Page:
Cisco will Leverage OPNFV Efforts in Evolved Services Platform (ESP) Development

Most people following industry trends are aware of the ETSI Network Functions Virtualization (NFV) Industry Specification Group, which was formed in 2012 and kicked off its first set of specifications in October 2013. These documents are commonly used references in the growing movement to utilize NFV for carrier-grade network services.

Great progress has already been made, and Cisco has delivered many innovative NFV solutions via our Evolved Services Platform. To take it to the next level, and realize the full potential of NFV, customers will now start flexibly combining components from different vendors to enjoy the benefits of open source efforts.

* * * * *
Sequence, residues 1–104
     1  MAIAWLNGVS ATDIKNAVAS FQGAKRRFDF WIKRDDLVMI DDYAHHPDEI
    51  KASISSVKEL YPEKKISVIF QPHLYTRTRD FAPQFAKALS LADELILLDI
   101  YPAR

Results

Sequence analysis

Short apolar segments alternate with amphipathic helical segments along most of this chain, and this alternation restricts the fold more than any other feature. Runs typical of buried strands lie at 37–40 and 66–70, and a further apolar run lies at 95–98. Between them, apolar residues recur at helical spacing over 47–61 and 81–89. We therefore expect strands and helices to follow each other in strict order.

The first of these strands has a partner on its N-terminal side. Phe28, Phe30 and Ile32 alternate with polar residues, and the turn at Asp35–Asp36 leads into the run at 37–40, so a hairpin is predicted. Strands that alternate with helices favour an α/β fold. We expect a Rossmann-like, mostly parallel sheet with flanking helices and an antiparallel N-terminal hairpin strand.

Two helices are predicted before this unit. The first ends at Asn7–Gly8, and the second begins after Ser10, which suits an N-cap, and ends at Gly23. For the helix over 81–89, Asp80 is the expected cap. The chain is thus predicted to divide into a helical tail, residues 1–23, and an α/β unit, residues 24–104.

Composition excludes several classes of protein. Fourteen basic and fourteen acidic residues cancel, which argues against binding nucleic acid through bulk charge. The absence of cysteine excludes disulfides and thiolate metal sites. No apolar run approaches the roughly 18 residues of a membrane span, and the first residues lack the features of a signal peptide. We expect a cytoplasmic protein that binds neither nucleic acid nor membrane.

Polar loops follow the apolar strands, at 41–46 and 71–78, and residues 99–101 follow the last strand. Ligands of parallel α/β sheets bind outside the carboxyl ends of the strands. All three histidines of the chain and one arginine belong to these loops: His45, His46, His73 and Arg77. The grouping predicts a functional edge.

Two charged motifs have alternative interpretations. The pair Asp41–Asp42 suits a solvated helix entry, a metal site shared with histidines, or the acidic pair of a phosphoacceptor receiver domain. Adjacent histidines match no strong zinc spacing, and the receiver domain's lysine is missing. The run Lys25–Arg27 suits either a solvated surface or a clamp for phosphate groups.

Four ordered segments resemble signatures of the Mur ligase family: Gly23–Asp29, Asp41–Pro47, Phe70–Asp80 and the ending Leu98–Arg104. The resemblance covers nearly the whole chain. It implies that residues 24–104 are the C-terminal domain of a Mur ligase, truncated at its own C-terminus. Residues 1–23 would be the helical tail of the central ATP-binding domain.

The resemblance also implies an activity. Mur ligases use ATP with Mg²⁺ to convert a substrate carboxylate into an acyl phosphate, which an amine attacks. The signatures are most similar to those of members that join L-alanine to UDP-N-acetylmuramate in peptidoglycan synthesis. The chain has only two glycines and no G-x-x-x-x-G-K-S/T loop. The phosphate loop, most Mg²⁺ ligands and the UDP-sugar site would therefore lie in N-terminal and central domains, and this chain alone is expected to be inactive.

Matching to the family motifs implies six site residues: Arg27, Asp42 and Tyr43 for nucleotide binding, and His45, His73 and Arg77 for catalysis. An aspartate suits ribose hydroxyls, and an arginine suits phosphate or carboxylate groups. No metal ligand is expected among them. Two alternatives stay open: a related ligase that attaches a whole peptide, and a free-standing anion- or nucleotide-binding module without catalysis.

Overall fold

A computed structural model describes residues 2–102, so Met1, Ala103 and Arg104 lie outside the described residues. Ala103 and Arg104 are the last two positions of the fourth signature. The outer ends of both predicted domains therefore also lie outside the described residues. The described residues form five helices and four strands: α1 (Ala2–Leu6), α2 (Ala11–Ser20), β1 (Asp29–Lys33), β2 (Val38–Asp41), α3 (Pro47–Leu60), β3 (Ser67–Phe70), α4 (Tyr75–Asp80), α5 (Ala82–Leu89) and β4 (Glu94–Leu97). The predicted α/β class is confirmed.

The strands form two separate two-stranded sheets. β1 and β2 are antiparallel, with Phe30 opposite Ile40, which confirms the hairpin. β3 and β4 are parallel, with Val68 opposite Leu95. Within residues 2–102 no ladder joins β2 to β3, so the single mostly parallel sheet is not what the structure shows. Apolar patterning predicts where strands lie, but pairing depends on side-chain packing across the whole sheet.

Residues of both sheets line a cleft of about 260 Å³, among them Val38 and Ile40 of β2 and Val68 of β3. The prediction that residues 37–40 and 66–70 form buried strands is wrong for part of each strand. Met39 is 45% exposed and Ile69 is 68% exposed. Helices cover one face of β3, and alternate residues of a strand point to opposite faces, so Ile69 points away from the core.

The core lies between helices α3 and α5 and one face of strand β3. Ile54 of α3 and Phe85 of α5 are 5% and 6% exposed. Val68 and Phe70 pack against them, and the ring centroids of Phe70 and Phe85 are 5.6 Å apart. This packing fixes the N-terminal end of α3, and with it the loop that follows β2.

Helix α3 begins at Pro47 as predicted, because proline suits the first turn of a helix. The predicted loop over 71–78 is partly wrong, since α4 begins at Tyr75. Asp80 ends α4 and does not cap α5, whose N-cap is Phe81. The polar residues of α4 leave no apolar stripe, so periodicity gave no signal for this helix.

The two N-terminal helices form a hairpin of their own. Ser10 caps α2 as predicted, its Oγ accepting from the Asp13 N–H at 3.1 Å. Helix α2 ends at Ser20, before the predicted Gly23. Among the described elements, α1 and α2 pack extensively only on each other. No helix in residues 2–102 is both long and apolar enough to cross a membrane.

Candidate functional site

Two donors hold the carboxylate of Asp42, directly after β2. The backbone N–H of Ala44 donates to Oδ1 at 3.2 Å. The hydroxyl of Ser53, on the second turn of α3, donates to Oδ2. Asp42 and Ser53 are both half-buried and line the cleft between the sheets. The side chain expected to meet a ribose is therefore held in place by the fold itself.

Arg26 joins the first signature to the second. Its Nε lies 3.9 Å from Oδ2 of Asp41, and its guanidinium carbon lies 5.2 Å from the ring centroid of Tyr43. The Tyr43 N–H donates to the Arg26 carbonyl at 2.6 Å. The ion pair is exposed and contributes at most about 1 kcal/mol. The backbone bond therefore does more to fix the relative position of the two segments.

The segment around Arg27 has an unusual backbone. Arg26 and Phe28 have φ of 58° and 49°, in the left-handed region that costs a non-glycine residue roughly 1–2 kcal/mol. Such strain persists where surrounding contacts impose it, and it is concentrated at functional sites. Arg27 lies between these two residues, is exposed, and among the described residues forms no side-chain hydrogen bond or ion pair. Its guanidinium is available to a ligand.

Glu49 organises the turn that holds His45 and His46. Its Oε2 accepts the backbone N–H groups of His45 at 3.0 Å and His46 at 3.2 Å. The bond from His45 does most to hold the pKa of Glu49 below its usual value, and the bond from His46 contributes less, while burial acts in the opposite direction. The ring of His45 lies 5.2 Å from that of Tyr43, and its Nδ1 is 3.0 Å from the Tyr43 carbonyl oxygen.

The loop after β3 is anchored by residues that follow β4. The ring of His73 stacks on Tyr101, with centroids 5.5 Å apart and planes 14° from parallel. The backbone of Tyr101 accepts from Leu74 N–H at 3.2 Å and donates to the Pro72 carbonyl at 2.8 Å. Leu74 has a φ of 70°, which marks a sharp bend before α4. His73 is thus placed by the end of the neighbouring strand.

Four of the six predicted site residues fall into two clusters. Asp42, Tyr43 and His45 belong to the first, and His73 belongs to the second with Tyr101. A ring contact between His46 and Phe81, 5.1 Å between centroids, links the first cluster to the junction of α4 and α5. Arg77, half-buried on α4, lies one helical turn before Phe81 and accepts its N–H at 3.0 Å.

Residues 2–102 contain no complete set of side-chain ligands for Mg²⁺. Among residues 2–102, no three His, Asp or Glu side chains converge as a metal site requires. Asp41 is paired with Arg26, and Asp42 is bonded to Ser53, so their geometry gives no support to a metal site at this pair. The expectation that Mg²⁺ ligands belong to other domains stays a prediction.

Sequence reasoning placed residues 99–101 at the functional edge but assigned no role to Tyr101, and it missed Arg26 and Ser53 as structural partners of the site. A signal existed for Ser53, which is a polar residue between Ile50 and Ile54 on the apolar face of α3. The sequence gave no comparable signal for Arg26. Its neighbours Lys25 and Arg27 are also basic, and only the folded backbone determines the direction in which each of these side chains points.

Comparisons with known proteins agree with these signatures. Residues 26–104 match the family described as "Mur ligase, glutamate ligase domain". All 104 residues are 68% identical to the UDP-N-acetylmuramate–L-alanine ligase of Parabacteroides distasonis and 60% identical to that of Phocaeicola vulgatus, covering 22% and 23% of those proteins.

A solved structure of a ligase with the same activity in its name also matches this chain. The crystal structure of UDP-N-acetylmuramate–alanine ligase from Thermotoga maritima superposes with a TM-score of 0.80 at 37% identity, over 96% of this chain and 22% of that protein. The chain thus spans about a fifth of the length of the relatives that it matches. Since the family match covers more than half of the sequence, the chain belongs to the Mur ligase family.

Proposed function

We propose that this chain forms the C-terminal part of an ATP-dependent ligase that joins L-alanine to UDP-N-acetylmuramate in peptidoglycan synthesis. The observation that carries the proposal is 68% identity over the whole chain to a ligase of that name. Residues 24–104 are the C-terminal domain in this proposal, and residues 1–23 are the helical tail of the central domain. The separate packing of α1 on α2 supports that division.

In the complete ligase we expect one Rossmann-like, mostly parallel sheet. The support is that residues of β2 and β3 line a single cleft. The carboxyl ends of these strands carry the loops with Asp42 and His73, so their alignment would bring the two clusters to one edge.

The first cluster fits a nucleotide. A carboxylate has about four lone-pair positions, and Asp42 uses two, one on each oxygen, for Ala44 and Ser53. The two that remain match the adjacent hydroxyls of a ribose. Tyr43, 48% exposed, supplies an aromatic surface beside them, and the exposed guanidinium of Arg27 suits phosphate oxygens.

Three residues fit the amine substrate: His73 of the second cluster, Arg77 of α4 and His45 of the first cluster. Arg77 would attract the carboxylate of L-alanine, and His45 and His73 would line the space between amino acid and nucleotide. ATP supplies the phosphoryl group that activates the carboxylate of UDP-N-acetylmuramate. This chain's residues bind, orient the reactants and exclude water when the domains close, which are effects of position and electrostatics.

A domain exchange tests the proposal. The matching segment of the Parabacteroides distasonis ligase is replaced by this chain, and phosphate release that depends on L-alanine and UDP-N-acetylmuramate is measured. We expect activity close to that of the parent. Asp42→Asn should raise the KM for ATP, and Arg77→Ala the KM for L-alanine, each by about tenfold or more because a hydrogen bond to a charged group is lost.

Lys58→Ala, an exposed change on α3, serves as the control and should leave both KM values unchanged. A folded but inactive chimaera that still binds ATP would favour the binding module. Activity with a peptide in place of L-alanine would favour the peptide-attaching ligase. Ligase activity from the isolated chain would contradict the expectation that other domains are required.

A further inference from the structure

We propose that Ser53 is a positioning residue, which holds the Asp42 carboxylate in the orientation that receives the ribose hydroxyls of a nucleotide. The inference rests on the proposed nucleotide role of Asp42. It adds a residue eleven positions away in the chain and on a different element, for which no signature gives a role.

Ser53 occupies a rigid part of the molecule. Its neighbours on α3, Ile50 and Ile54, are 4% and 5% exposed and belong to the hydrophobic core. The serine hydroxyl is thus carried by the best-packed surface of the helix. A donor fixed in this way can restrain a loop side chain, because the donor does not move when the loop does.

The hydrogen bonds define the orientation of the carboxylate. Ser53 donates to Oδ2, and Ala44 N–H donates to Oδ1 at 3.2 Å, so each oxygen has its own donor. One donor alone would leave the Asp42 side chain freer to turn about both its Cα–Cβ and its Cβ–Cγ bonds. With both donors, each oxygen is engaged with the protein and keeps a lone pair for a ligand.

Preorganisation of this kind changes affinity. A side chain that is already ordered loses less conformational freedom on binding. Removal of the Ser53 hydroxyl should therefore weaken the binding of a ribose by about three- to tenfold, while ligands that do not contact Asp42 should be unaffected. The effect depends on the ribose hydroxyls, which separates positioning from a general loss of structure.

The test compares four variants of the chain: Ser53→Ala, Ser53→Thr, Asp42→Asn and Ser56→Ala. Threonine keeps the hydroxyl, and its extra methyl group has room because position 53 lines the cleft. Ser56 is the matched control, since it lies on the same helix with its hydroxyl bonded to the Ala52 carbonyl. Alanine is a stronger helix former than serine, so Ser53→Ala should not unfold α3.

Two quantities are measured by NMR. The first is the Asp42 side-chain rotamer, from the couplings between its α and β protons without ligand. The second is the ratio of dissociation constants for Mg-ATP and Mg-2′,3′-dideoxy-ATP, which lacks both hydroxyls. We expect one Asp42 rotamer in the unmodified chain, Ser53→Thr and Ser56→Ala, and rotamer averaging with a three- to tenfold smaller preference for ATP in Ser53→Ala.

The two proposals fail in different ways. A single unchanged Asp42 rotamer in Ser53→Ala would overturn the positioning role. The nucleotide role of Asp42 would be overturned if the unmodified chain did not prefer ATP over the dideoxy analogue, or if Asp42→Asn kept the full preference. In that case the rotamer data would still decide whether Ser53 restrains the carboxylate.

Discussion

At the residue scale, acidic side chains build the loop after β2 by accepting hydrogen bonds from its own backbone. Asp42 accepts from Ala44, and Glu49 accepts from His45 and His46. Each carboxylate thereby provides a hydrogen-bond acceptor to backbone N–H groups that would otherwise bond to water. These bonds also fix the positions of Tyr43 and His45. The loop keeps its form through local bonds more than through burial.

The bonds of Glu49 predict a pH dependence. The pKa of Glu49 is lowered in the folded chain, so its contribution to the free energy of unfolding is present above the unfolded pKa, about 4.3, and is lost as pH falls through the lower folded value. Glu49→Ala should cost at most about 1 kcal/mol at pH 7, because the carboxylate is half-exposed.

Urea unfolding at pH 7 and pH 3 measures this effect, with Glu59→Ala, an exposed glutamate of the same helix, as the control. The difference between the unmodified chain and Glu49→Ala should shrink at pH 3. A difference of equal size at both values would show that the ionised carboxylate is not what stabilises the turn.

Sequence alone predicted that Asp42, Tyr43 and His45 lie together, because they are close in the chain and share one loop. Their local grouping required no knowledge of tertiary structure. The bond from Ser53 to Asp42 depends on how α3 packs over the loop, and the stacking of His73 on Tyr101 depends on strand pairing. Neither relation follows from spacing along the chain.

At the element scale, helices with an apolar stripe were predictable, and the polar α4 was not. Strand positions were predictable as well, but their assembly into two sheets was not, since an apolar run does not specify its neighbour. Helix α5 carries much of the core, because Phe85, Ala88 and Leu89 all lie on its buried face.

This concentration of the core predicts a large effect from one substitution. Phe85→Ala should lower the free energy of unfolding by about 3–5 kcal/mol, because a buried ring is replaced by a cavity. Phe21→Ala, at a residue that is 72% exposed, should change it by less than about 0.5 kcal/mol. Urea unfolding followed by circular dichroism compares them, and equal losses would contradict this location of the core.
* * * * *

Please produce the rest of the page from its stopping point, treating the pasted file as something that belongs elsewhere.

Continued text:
Hence the announcement on Tuesday of Open Platform for Network Functions Virtualization (OPNFV), a new open source project focused on accelerating NFV’s evolution through an integrated, open platform.  Cisco is a platinum-level founding member of the project, which will focus initially on the NFV infrastructure (NFVI) and infrastructure management (VIM) of the ETSI NFV Reference Architecture.

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Source: Publications and Collateral page at opnfv.org.

OPNFV expects to Read More »